Vavilov, Sergei Ivanovich
Vavilov, Sergei Ivanovich(syĭrgā` ēvä`nəvĭch vəvē`ləf), 1891–1951, Russian physicist. In 1932 he became director of the P. N. Lebedev Physical Institute, which he organized around the laboratory of the Soviet Academy of Sciences. In 1945 he became president of the academy. He is known for his work in radiation, luminescence, the creation of cold light through the conversion of ultraviolet rays, and optics.
Vavilov, Sergei Ivanovich
Born Mar. 12 (24), 1891, in Moscow; died Jan. 25, 1951, in Moscow. Soviet physicist, political and public figure; academician of the Academy of Sciences of the USSR (1932; corresponding member, 1931). Brother of N. I. Vavilov. Graduated from Moscow University in 1914. From 1914 to 1918 he was in the military service. From 1918 to 1932 he taught physics at Moscow State University (he became a professor in 1929). From 1918 to 1930 he directed the division of physical optics at the Institute of Physics and Biophysics of the People’s Commissariat of Health. In 1932 he became the director of the Institute of Physics of the Academy of Sciences of the USSR. From 1932 to 1945 he was scientific director of the State Optical Institute. In 1945 he was elected president of the Academy of Sciences of the USSR. He was chairman of the Council for the Coordination of Activities of the Academies of Sciences of the Union Republics.
Vavilov’s main scientific work was devoted to problems of physical optics, especially to the study of the nature of luminescence. The concept of luminescence yield introduced by him has proved extremely fruitful for the development of a theory of luminescence. Vavilov deduced a law generalizing and correcting the famous Stokes’ law. In studies devoted to a definition of the absolute value of luminescence yield, he proved that more than 70 percent of the absorbed energy in strongly fluorescent substances is transformed into the light of luminescence. Studying the causes of the decrease in luminescence yield and of other processes, Vavilov developed the theory of migration of the energy of excitation in solutions, which qualitatively explained a broad range of phenomena. He studied the problem of the polarization of luminescent light, owing to which he succeeded in approaching the problem of the nature of elementary radiators. He presented the general sytematics of the phenomena of luminescence. Problems associated with the practical applications of luminescence, in particular the development of the technology for the production of sunlamps, were solved under his direction. Vavilov contributed to the development of luminescence analysis. The research cycle of Vavilov and his coworkers devoted to a visual method of observing the quantum fluctuations of light is of great importance for the theory of light and for physiological optics. In 1934, under Vavilov’s direction, P. A. Cherenkov discovered the luminescence of pure liquids under the influence of gamma and beta radiation of radioactive materials. Vavilov immediately pointed out that this luminescence was not ordinary luminescence but was associated with the movement of free electrons (so-called Cherenkov-Vavilov radiation).
In his book The Microstructure of Light (1950), Vavilov generalized the results of his work and laid the foundations for a new trend in optics, which he called microoptics. The quantum properties of light, the nature of elementary radiators, and the interaction between radiating and absorbing molecules at distances comparable to the wavelengths of light were reviewed by Vavilov in this book from the single perspective of microoptics. Vavilov was one of the founders of nonlinear optics, and he founded a large school of physicists.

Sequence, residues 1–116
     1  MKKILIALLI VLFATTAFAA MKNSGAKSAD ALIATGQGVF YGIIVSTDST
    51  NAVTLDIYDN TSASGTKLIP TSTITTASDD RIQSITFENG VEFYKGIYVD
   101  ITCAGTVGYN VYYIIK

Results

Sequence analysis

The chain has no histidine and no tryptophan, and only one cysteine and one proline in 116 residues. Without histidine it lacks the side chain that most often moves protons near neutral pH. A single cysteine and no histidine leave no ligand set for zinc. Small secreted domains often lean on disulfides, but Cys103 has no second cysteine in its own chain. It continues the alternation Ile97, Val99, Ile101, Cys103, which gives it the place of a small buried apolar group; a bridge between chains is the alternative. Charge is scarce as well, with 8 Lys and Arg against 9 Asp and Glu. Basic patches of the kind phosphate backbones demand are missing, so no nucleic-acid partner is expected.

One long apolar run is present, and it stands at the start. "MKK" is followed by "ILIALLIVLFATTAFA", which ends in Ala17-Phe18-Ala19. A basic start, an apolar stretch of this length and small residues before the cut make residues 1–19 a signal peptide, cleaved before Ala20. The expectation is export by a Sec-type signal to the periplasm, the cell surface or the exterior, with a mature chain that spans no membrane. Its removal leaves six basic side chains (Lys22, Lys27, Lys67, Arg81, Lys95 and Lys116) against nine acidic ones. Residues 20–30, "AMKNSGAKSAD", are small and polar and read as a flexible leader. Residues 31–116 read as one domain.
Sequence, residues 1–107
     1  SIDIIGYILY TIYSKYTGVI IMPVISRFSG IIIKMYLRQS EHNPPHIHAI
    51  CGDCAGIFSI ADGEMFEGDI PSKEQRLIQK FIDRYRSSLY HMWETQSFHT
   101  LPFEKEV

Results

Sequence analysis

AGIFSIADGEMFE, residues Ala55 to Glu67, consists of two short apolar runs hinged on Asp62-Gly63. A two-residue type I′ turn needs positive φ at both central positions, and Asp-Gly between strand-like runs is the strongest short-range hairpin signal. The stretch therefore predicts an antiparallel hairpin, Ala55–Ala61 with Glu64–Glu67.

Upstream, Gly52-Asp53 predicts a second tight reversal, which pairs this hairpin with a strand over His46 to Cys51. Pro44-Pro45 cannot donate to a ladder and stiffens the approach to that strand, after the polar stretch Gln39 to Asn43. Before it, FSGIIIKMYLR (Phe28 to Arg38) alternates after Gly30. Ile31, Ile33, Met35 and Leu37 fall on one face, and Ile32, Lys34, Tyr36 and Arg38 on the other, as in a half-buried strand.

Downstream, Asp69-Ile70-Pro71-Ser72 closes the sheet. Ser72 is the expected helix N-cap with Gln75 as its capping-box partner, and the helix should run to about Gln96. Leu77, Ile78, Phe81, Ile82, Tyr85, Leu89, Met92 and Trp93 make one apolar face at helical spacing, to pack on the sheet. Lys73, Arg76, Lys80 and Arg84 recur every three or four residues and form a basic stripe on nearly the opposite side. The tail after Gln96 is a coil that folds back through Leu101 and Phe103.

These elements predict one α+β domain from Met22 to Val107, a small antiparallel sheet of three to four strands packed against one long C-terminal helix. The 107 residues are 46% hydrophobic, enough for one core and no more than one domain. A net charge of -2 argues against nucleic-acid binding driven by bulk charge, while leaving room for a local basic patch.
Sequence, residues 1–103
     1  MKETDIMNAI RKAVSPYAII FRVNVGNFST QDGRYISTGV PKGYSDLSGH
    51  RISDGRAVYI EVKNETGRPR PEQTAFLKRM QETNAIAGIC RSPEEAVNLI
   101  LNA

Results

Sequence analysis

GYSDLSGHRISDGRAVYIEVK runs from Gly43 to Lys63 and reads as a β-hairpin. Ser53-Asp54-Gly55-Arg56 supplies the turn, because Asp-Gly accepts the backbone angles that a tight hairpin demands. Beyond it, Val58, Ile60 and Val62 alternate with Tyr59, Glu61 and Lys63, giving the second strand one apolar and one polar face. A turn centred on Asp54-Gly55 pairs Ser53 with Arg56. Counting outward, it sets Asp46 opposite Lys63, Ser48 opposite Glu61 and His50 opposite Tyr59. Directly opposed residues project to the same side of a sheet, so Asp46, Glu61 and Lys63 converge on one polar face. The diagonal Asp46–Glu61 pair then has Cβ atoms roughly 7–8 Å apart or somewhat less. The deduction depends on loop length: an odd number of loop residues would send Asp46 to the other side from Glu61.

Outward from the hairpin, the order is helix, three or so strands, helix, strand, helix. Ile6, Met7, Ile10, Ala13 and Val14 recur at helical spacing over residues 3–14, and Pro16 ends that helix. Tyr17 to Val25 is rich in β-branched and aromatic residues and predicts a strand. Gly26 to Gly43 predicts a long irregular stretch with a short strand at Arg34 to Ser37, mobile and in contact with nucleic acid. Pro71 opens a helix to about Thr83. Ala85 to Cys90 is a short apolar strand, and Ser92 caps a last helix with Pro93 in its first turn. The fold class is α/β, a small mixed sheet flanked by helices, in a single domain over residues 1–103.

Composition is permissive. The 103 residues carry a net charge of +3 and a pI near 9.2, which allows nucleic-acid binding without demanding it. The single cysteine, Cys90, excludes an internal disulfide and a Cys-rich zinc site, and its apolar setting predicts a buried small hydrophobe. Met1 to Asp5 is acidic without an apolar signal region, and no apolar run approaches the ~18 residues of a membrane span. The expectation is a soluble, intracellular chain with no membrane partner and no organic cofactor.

Vavilov devoted a great deal of attention to problems of the philosophy of natural science and the history of science. He headed the Commission on History of the Academy of Sciences of the USSR. His studies on the history of atomism are also of great interest. The popularization of scientific knowledge occupied an important place in Vavilov’s activity. In 1933 he became the director of the Commission of the Academy of Sciences of the USSR on the Publication of Popular Scientific Literature and of the series Results and Problems of Contemporary Science. He was one of the initiators of the All-Union Society for the Dissemination of Political and Scientific Knowledge (now the Znanie Society) and was the first chairman of this society (1947). Beginning in 1945, Vavilov was chairman of the Editorial-Publication Council of the Academy of Sciences of the USSR, a member of the editorial staffs of many journals, and one of the directors of encyclopedia work in the USSR: he was a member of the editorial staff of the Technical Encyclopedia, the first edition of the Great Soviet Encyclopedia and, beginning in 1949, the editor in chief of the second edition of the Great Soviet Encyclopedia.
In 1938, Vavilov was elected deputy to the Supreme Soviet of the RSFSR and, in 1946 and 1950, deputy to the Supreme Soviet of the USSR. During the Great Patriotic War he was a plenipotentiary of the State Committee for the Defense of the USSR. New devices for the armament of the Soviet Army and Navy were developed under his direction. Vavilov was awarded two Orders of Lenin, the Order of the Red Banner of Labor, and the State Prize of the USSR (1943, 1946, and, posthumously, 1951). His name was conferred on the Institute for Physical Problems of the Academy of Sciences of the USSR in Moscow and on the State Optical Institute in Leningrad. In 1951 a Vavilov gold medal was established, to be awarded yearly for outstanding work in the areas of physics.
WORKSSobranie sochinenii, vols. 1-3. Moscow, 1952-56.
Eksperimental’nye osnovaniia teorii otnositel’nosti. Moscow-Leningrad, 1928.
Lomonosov i russkaia nauka, 2nd ed. Moscow, 1947.
Isaak N’iuton (1643-1727), 2nd ed. Moscow-Leningrad, 1945.
Mikrostruktura sveta. Moscow, 1950.